Nearly 32 million Americans will take to the roads this week for the Thanksgiving holiday, seemingly undeterred by retail gasoline prices over $3 a gallon — a figure that is translating to $100 fill ups for some.
The national average for regular unleaded gasoline is $3.10 a gallon, and has climbed about 10 percent in the past month, according to AAA and OPIS.
"It's an anomaly to see these high gasoline prices in November, says Tom Kloza, chief oil analysts at the Oil Price Information Service. "It's going to be very difficult to sustain these prices."
But some analysts say prices could hit $3.50 by the end of the year as the run-up in crude oil and wholesale gasoline prices makes it way into the retail market. Oil prices hit an all-time high of $98.62 a barrel on Nov. 7, pushing wholesale gasoline prices higher.
Gasoline prices should be moving lower this time of year as refiners switch to processing crude into heating oil for the winter, but wholesale gasoline prices have also jumped nearly 10 percent since mid-October.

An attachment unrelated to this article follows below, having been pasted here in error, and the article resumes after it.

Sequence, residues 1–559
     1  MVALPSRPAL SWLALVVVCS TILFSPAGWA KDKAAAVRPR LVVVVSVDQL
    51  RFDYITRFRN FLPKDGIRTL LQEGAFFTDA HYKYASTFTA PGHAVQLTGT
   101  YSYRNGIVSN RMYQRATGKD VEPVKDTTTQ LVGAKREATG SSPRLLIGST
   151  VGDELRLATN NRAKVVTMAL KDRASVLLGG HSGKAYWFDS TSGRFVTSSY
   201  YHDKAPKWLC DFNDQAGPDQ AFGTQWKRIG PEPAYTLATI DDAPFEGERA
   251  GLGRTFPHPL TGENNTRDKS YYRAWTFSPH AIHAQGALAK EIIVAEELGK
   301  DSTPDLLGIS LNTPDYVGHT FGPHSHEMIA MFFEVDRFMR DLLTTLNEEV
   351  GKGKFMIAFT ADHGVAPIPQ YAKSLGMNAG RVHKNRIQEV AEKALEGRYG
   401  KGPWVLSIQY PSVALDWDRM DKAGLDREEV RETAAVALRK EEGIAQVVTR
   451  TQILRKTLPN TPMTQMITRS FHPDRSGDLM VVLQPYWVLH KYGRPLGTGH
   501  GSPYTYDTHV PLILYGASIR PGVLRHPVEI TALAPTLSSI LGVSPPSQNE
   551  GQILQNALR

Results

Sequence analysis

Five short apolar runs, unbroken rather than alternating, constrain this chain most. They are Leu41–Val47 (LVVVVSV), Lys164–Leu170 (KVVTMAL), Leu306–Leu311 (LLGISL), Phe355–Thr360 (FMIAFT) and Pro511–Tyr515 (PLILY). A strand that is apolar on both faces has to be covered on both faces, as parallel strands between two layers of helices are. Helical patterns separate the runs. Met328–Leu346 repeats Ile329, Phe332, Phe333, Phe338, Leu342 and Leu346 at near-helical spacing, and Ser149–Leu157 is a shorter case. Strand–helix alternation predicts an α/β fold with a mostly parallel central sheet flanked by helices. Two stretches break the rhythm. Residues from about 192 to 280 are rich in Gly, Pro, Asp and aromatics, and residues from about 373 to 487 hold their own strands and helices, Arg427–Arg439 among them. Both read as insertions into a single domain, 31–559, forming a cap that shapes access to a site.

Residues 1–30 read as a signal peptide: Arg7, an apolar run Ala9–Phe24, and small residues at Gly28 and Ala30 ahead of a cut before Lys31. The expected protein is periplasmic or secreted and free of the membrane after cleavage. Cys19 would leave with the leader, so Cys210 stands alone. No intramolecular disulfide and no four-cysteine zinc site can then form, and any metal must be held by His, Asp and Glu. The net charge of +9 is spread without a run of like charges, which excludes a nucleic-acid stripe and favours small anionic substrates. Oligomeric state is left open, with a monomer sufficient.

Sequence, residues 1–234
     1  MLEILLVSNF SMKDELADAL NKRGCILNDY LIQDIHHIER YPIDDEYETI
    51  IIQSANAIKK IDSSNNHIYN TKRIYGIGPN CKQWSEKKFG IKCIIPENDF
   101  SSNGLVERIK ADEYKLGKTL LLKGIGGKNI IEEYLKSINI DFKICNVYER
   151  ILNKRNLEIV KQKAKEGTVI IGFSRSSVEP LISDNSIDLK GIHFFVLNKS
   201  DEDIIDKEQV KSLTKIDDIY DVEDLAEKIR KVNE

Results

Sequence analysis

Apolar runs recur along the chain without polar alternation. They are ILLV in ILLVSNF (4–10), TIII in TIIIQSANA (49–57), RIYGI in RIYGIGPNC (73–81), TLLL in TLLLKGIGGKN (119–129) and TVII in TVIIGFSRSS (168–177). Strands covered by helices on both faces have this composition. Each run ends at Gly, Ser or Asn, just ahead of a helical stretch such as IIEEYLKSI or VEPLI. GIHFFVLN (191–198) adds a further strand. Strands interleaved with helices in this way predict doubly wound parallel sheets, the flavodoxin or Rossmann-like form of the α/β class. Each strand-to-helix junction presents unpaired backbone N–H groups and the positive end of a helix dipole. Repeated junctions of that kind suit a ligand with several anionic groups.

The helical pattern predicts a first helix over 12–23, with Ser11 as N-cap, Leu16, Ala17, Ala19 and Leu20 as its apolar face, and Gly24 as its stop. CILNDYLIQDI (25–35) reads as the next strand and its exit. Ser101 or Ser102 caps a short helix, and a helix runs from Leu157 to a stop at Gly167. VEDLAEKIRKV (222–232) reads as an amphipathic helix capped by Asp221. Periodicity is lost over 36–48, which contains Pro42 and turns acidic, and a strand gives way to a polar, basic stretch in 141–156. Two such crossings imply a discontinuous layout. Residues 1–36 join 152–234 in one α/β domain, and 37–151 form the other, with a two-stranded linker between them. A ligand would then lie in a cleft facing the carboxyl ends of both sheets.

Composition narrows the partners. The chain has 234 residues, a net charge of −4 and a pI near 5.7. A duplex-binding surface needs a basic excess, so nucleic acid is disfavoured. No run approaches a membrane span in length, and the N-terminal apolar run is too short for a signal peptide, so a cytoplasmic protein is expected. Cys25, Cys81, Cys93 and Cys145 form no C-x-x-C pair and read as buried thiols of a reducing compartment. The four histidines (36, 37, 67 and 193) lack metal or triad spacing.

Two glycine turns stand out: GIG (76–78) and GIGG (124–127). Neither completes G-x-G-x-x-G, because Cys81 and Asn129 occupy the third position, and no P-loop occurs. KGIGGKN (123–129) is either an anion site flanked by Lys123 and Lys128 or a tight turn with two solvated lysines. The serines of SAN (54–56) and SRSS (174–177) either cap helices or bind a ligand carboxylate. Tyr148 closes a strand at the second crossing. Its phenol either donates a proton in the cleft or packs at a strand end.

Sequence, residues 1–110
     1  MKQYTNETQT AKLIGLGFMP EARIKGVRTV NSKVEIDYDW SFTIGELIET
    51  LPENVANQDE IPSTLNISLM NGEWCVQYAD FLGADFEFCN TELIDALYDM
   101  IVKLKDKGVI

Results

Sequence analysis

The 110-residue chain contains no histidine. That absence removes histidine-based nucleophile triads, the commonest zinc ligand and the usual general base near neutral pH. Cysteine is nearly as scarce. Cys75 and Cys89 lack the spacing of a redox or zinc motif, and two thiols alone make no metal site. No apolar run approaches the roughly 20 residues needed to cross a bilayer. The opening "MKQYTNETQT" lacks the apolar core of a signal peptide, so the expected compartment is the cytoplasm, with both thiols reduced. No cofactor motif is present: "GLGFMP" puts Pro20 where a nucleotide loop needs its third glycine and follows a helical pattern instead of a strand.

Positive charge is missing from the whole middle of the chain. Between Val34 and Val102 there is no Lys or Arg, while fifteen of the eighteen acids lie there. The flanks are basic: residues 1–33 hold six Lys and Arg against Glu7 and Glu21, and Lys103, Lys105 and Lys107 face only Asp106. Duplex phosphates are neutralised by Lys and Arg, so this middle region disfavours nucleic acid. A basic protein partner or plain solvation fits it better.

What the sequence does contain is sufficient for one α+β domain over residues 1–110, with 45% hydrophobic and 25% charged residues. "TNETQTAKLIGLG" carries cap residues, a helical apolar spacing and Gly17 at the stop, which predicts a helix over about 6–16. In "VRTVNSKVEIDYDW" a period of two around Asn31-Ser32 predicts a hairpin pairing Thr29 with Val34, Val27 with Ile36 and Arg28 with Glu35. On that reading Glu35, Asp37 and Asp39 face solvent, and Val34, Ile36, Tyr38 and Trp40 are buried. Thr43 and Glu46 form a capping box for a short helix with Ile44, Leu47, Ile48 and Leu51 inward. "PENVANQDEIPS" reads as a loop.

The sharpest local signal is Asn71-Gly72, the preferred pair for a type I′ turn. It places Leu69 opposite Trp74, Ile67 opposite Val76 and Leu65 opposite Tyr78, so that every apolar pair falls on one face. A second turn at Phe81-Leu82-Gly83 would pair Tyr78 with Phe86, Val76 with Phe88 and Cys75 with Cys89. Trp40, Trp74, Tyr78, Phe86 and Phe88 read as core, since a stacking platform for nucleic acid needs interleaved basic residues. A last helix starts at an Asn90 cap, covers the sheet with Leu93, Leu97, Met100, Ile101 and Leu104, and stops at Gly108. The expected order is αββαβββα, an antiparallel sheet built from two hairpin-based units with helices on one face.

"The window we had to push prices down (during turnaround season for refiners) is nearly gone," says Anthony Grisanti, a gasoline trader at the New York Mercantile Exchange. "If oil prices stay up here, we could see $4 gasoline by the spring."
A price spike to $3.50 or $4 a gallon for retail gasoline could be a real shock to consumers, particularly those who drive sport utility vehicles which average 14 to 16 miles per calling in city-highway driving.
Already, it's costing nearly $100 to get the gauge from "E" To "F" for some drivers. At $3.50, that number jumps considerably. Owners of a Ford Expedition EL SUV, for example, will have to pay $117.25 to fill up their 33.5 gallon tanks according to calculations by Bankrate.com.
If you bought a Honda Accord or Toyota Camry for better gas mileage, you will save money — but still the cost of a fill up is getting steeper. Get ready to shell out $64.75 to fill up the 18.5 gallon gas tank. Still a pretty stiff price for a fill-up.